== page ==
Marina Olander
Marina Olander
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Portrayed By Laura Harris
Gender
Fable The Little Mermaid
Date of Birth
Age 29
Occupation Street Performer
Location
Status Awakened


"She was an unusual child, quiet and wistful…"

Origins

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Umbria, near Florence, Italy, 1320

Name: Blessed Margaret of Castello
Born: 1287

The shunned child of a lord and lady, Little Margaret was a secret as soon as she was born, due to her disfigurement and blindness, yet her story persevered through the ages as one of hope, charity, and perseverance. She was kept by servants and locked away in a cell next to the family chapel when she was six until she was a teenager, only receiving necessities through a small window. There, it was said that she learned the ways of God. When she was sixteen, her parents took her to a Franciscan shrine, seeking a miracle: they did not get their miracle, but others would receive theirs as a result of Margaret's abandonment that day.

Given mercy by nuns after she was left alone in the town streets, a beggar, she went on to join the Dominican Third Order of Castello and lived a pure, spiritual life, inspiring others with her courage and blessing them with her charity. People for whom she prayed, including the sick and the imprisoned, sometimes recovered miraculously from physical ails and dark hearts. She was even said to have floated up into the air, lifting her uneven, disfigured legs from the floor. After she died at the age of thirty-three, a young, crippled girl was miraculously healed at her funeral, and Margaret was buried within the church as an unofficial saint.

At least two-hundred miracles were attributes to Blessed Margaret, patron of the unwanted, even after her death.

The Aztec province of Coatzacoalcos, 1531

Name: Malinalli, aka Doña Marina, La Malinche
Born: 1505

An Aztec girl sold into slavery, Malinalli became the interpreter for Spanish Conquistador Hernán Cortés, with her beautiful voice and skill with language. She was known for her beauty and graciousness. He called her Marina, her Christian name, and she became his mistress, mother of his children.

She aided him on his conquest; she helped him spy, quash rebellions, played a significant role in aiding the conquistadors understand the languages of "New Spain". She is credited, by some historians, to — under duress — have brought Christianity to the "New World". She influenced Cortés, with her kind nature, to be more humane to the peoples there; without her help, however, he would not have forced the fall of the Aztecs at all, leading to the slaughter of many.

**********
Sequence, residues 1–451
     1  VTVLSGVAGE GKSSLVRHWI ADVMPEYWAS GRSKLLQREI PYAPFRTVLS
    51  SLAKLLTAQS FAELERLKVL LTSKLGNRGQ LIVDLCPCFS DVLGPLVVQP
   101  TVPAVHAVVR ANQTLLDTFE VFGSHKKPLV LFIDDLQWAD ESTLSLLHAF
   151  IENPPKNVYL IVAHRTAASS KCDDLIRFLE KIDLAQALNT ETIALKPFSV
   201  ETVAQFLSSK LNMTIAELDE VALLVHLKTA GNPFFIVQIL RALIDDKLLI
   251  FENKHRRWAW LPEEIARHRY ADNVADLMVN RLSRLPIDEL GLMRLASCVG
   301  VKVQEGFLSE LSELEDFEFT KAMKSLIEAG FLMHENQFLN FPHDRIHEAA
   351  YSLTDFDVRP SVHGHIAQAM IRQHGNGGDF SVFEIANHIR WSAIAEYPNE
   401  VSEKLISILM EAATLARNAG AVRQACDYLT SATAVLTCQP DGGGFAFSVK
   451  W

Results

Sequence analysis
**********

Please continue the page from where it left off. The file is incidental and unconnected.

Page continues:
It is said that, one night, while Cortés was away being seduced by a Spanish woman he was set to marry instead of Marina, she realized the role she played in helping him massacre her people and she prayed to her gods for help. "If you let him take your children, one of them will return and destroy your people." She could not do it; she ran. Although Marina mostly fell from history after parted from the conquistador, her story fell into legend and she became La Malinche, or La Llanora, The Crying Woman. According to the story of La Malinche, she stabbed her children in the heart with a knife, surrounded by soldiers at a lake, giving the most pained, desperate cry, "Oh, hijos mios (Oh, my children.)" Conflicted, tortured by her decisions, and unable to be with her lover, she drowned herself.

What truly happened seems lost from written history, blurred by tales of a woman haunting the lake.

Shortly after the tales of La Llanora and Marina's early death, the first apparitions of La Virgen de Guadalupe appeared in Mexico.

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1800s

Herr Peter Dimringer von Staufenberg and The Little Mermaid are published

Present

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"I would give gladly all the hundreds of years that I have to live, to be a human being only for one day, and to have the hope of knowing the happiness of that glorious world above the stars." — Hans Christian Andersen's The Little Mermaid (Den lille Havfrue)


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